Saturday Jan 23, 2010

Enjoying your music

Despite being a cheery bunch, Jesus Wore Ray Bans did look rather serious at their gigs, especially Band Night at the German School for London, when we were trying to look particularly cool/hide the fact we were extremely nervous in front of the assembled Teutonic Lovelies.

I think if we'd achieved the giddy heights of fame we were destined for, we'd probably have cheered up a bit.

I always enjoy watching people play who are really enjoying themselves. This video of Rory Gallagher gives a great example of that. The bassist in particular seems to be having the time of his life.

Wednesday Jan 20, 2010

Do you remember the Summer of Rock of '92?

Do you remember the summer of rock of '92?

They say that if you do, you probably were there, but would rather forget.

Recently rediscovered and remastered from the original TDK 90 minute tape it was recorded on, January 2010 sees a re-release of that summer's seminal band's demo tape.

Yes, Jesus Wore Ray Bans have entered the digital era, for your listening pleasure. Thousands of new fans are discovering them daily!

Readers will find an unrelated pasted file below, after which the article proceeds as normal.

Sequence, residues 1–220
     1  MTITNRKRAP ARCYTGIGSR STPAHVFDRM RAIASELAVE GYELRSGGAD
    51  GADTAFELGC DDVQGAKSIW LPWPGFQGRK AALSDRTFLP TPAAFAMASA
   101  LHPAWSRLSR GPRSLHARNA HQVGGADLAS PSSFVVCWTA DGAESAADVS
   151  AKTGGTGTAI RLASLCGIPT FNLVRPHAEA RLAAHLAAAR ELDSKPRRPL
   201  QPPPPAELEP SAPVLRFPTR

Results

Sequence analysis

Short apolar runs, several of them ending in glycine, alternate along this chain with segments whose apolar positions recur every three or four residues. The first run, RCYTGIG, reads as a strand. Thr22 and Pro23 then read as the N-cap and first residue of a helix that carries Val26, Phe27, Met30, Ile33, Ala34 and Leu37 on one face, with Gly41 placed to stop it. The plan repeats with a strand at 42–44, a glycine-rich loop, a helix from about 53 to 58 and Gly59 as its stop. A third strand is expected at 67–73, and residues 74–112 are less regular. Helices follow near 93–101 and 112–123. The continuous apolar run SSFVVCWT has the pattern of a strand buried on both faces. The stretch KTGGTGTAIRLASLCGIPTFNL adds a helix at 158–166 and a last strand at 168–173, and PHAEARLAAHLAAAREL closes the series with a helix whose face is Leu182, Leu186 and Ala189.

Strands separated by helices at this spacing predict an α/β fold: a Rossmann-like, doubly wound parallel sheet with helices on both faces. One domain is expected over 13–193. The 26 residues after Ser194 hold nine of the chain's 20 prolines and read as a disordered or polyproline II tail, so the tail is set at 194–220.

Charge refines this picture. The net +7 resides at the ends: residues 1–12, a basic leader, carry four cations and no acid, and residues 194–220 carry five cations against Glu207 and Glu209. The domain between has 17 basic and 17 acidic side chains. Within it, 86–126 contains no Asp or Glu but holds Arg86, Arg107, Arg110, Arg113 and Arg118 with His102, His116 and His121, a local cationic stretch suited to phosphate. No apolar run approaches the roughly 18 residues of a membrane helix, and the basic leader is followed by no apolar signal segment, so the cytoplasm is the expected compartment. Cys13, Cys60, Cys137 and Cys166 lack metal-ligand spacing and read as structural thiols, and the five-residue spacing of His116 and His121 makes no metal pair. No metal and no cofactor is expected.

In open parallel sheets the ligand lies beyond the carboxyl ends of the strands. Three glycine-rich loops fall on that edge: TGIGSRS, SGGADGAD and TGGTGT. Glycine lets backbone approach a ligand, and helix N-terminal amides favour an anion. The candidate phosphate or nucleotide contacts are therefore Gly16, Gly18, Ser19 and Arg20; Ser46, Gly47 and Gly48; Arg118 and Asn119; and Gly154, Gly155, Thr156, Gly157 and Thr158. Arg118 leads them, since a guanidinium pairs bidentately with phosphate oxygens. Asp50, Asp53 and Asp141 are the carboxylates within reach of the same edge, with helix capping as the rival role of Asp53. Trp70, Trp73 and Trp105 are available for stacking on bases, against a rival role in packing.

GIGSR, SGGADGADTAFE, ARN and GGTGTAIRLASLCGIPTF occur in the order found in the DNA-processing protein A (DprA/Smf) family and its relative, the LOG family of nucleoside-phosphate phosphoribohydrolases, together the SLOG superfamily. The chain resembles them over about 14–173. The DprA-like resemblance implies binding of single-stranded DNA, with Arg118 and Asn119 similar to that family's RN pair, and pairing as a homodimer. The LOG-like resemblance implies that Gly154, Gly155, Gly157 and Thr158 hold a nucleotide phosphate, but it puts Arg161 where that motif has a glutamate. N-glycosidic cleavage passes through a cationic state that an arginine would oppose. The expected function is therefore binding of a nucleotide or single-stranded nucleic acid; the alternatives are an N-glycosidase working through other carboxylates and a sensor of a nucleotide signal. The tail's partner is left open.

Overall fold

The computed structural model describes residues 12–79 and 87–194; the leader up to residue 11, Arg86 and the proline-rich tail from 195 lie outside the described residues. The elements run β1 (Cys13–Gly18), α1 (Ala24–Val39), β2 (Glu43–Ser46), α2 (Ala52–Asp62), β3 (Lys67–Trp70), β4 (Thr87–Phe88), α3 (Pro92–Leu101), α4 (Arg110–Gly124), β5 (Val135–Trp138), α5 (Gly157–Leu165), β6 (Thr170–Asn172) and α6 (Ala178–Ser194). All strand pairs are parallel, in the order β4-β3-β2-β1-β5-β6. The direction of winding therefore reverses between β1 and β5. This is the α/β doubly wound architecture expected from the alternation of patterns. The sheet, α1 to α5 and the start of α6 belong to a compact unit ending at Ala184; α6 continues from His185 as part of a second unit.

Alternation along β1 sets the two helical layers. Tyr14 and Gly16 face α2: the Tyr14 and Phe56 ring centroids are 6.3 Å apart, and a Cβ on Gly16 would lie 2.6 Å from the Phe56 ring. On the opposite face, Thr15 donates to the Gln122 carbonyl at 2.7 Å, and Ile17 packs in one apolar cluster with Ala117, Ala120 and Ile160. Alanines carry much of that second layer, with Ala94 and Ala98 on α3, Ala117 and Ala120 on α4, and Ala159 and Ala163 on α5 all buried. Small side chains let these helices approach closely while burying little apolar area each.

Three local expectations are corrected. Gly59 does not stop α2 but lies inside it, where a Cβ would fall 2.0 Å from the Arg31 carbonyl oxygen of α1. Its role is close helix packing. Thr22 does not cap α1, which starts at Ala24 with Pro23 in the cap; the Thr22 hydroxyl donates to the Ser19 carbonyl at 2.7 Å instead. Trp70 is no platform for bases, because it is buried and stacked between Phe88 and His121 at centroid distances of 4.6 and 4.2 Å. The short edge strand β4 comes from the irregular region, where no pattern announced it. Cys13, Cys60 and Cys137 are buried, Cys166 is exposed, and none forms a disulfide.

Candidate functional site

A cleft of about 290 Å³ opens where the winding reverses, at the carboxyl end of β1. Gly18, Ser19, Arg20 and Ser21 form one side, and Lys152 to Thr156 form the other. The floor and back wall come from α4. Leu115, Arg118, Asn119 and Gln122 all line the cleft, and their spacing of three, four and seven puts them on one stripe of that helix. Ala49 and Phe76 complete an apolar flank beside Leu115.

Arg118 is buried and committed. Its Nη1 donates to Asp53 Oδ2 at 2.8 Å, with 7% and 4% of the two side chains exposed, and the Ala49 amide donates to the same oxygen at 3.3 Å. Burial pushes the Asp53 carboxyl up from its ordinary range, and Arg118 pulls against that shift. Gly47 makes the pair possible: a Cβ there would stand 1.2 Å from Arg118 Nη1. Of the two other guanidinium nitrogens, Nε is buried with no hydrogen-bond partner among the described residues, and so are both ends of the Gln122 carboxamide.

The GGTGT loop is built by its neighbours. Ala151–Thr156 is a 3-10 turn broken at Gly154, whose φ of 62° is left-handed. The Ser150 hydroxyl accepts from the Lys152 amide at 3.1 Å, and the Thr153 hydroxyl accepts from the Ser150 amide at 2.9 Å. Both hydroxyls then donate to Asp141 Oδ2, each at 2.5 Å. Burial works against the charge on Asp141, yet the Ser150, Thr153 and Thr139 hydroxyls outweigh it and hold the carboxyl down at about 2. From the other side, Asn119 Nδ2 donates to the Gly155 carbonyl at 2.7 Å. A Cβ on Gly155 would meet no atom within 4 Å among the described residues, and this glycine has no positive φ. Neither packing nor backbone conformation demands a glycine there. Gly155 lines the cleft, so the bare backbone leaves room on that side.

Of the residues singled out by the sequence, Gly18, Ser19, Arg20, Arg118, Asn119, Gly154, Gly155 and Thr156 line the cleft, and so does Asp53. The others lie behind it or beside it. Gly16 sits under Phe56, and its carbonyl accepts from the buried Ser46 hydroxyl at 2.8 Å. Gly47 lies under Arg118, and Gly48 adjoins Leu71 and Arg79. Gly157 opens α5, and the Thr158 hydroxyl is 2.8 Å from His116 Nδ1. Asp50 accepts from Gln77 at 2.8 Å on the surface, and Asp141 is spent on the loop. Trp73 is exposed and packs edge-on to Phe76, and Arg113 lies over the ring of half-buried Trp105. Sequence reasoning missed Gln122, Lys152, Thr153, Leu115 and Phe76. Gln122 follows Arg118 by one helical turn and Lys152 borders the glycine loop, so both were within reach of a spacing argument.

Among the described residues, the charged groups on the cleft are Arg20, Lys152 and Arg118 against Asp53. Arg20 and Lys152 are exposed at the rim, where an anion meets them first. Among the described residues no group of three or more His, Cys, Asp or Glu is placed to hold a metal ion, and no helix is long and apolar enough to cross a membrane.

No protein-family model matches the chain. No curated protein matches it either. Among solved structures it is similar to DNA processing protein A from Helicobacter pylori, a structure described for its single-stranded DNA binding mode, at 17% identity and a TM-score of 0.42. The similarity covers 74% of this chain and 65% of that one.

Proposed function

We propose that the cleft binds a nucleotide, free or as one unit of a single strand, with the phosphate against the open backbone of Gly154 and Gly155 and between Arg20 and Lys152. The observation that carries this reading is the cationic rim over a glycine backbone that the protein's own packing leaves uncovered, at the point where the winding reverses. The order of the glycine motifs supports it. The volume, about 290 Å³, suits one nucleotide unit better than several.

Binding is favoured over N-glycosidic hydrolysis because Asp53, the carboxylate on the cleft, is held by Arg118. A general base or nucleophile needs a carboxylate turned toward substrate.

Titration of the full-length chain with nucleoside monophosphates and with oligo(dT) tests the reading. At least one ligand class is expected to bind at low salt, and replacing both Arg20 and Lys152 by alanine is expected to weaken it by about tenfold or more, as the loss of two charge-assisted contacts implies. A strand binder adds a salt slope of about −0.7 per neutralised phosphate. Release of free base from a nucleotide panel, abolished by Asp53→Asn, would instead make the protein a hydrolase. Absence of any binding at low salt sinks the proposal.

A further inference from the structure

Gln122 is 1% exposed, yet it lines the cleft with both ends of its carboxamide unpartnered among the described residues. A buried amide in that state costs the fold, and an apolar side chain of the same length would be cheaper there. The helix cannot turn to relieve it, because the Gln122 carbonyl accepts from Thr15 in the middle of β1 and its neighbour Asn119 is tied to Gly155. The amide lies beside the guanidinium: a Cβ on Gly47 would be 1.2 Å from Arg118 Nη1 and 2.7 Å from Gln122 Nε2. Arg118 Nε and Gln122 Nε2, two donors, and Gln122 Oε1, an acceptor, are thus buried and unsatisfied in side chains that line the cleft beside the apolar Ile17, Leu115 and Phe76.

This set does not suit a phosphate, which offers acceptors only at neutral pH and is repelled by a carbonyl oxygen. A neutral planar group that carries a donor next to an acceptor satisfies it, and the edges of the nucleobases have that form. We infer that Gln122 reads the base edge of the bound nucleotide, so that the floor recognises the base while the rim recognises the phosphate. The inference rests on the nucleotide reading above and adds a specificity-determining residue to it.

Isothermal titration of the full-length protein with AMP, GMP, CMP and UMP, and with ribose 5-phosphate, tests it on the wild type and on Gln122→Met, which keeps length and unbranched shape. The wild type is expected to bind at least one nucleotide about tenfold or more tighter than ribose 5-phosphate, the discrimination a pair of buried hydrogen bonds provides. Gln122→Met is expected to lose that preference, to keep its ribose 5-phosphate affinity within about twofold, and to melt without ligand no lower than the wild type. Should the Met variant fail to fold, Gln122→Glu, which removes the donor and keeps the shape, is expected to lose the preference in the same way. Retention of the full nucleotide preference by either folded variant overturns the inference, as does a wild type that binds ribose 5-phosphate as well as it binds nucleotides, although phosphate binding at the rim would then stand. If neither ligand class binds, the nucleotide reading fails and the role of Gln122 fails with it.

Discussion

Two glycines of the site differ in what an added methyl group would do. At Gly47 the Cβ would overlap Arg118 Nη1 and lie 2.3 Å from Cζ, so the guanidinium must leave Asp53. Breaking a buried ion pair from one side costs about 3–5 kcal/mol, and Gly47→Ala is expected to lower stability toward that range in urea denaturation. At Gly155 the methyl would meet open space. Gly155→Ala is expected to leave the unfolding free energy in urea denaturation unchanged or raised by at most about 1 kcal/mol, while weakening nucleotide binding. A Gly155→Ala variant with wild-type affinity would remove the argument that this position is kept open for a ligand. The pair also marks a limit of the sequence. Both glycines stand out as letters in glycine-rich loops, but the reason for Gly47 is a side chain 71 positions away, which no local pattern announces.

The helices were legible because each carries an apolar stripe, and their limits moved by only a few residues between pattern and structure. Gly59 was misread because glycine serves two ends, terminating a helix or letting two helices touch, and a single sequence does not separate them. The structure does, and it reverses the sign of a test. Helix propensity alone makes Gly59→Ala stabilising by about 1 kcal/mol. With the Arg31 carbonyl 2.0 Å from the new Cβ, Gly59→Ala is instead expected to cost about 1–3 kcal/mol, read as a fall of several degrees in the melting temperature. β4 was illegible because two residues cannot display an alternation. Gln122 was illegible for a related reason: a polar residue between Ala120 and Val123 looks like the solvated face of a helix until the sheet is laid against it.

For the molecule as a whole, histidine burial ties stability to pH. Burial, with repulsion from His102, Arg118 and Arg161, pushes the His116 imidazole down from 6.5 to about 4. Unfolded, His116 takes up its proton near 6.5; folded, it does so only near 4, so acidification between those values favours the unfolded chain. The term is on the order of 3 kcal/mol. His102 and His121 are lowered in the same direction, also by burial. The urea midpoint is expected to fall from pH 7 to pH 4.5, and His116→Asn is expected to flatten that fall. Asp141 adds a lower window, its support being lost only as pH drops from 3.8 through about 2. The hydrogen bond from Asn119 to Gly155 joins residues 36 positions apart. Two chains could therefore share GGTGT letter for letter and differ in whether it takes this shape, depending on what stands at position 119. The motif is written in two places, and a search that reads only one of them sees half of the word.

Below are some - just some - of their classic hits, first aired at venues such as -

  • The King's Head, Fulham. (London's leading live music venue).

  • The Red Lion, Brentford. (Brentford's leading live music venue, until it became a McDonald's drive-through).

  • The German School, Richmond upon Thames. (London's leading venue for failing to attract blonde haired Teutonic lovelies by asking them 'wie komme ich am besten zum Bahnhof' during Band Night).

Jesus Wore Ray Bans consisted of some of London's most promising indie rock musicians, a fact clearly borne out by their current careers.

  • Christopher Saul, singer, lead guitarist and songwriter. Now living thedream selling virtual desktop solutions in Dubai. Still to be found performing at Dibba Beach during camping trips.

  • Simon Lodder, bass guitar. Now a trader in the City, weeping for his bonus.

  • Edward Morgan, drums. Now a member of the Metropolitan Police.

Recorded and mixed by Paul Woodhead, who I have sadly lost touch with. (Get in contact, Paul!)


Intro - Tangled Up

Alien Girl